Human alteration of predation risk

By looking through the lens of prey behavior, we try to understand and predict the role that predator-prey relationships play in shaping marine food webs and ecosystems. This work explores how fishing may impact marine ecosystems in ways that might otherwise go unnoticed. Understanding these consequences is important because it provides insight into how fishing – whether recreational, commercial, or subsistence – can havesurprising consequences for coral reefs and other marine ecosystems.

For example, fishing is one of the most critical threats facing ocean ecosystems worldwide, but a puzzling dichotomy remains: why does fishing cause cascading effects through some ecosystems but not others? My colleagues and I have found evidence that one of the keys to this puzzle may lie in the behavior of fish. As sharks and other predators disappear from the ocean from fishing, the small fish – who would otherwise be their prey – are getting bolder. So bold, in fact, that humans are unwittingly changing the way seascapes look by changing where small fish graze for seaweed. Seaweeds are important because areas of lush seaweed growth inhibit growth of corals, the critically important “engineers” of the reef. By changing where seaweed grows, fishing may inadvertently also be changing where coral can grow.

Publications

Madin, E.M.P., L.M. Dill, A.D. Ridlon, M.R. Heithaus, and R.R. Warner. 2015. Human activities change marine ecosystems by altering predation riskGlobal Change Biology.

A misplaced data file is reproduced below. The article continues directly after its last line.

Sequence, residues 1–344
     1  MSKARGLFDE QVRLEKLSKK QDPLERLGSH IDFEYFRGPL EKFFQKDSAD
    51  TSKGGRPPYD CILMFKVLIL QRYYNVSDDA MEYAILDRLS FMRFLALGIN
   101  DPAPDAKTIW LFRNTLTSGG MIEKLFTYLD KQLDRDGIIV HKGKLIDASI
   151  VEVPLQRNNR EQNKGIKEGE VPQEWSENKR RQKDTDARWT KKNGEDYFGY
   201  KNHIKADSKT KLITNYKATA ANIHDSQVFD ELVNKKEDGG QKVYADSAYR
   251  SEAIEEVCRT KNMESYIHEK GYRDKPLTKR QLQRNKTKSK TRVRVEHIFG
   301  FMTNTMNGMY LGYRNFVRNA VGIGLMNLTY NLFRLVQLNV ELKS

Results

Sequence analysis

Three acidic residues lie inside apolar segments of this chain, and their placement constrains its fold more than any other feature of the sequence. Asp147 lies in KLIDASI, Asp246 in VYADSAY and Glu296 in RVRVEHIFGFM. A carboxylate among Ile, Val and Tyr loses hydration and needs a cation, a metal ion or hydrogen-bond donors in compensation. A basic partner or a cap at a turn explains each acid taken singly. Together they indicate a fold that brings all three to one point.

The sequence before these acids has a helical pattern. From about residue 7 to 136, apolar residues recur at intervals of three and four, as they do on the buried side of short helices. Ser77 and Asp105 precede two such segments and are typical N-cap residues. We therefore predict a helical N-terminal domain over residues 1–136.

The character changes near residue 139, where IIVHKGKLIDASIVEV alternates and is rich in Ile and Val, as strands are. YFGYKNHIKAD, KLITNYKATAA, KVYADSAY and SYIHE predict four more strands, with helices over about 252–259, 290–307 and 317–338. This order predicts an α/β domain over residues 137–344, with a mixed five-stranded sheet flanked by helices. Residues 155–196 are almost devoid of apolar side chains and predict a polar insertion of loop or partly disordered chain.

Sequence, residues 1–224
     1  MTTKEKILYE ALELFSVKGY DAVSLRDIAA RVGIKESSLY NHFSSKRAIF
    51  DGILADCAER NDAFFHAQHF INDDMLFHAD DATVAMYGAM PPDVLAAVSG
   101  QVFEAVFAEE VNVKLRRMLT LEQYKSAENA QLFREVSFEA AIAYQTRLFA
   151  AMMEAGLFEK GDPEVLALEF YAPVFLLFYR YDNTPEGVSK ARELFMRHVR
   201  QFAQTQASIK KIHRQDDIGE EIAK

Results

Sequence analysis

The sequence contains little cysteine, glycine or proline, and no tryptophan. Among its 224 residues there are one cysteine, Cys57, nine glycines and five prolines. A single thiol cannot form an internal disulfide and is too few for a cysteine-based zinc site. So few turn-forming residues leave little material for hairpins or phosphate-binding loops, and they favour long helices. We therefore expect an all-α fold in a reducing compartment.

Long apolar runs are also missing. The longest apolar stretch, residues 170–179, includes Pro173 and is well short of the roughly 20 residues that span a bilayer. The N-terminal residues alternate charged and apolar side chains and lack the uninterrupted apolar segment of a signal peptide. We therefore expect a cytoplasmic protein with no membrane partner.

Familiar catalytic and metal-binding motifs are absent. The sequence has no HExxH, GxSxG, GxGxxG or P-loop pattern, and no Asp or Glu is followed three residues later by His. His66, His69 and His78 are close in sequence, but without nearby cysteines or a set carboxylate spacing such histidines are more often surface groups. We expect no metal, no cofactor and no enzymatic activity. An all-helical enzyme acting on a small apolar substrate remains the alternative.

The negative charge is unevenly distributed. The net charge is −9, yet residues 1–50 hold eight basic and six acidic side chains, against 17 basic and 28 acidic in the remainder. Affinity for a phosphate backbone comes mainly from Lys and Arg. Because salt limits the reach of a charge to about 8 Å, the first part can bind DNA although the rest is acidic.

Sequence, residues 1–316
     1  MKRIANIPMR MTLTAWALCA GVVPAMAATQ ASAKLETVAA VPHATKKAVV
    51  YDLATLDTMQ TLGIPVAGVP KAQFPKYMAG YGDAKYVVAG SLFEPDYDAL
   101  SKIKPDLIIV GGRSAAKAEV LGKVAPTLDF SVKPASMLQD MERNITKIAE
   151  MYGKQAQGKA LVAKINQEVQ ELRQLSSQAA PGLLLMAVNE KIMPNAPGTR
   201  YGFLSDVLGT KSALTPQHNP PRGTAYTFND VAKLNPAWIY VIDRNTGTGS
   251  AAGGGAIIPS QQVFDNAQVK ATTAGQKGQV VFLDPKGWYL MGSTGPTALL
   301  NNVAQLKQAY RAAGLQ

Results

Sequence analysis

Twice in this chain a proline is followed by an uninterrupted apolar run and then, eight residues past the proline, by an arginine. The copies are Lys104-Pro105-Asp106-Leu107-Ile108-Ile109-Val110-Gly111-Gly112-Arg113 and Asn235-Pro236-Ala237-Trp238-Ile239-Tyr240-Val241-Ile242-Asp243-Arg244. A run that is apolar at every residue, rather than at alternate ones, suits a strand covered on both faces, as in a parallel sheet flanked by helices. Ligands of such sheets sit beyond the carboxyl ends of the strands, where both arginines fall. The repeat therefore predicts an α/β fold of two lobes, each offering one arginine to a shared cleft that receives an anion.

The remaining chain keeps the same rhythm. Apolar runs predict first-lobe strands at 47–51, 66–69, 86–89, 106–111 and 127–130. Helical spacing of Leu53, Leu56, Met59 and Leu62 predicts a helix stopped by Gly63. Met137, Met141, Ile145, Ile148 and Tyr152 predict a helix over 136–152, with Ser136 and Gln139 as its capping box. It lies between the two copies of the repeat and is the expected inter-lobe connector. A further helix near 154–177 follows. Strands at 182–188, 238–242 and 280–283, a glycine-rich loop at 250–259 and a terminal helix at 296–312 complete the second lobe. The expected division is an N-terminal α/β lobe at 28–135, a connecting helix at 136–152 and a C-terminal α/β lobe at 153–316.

Madin, E.M.P., S.D. Gaines and R.R. Warner. 2010. Field evidence for pervasive indirect effects of fishing on prey foraging behavior. Ecology 91: 3563–3571.

Madin, E.M.P., S.D. Gaines, J.S. Madin and R.R. Warner. 2010. Fishing indirectly structures macroalgal assemblages by altering herbivore behavior. American Naturalist 176(6): 785-801.

Madin, E.M.P., S.D. Gaines, J.S. Madin, A.K. Link, P.J. Lubchenco, R.L. Selden and R.R. Warner. 2012. Do behavioral foraging responses of prey to predators function similarly in restored and pristine foodwebs? PLoS One 7(3): e32390. DOI: 10.1371/journal.pone.0032390.

Madin, E.M.P. and J.S. Madin. 2011. Predators, facilitators, or both? Re-evaluating an apparent predator-prey interaction. Marine Ecology Progress Series 431: 299-302.

Madin, E.M.P. 2011. Genetically engineered salmon pose environmental risks that must be considered. Bioscience 61(1): 6.

Madin, E.M.P. 2010. Effects of fishing on prey foraging. Bulletin of the Ecological Society of America 91(3): 339-341.

Relevant collaborative projects

McCauley, D.J., Micheli, F., Young, H.S., Tittensor, D.P., Brumbaugh, D.R., Madin, E.M.P., Holmes, K.E., Smith, J.E., Lotze, H.K., DeSalles, P.A., Arnold, S.N. and Worm, B. 2010. Acute effects of removing large fish from a near pristine coral reef. Marine Biology 157: 2739-2750.

Selected media coverage & press releases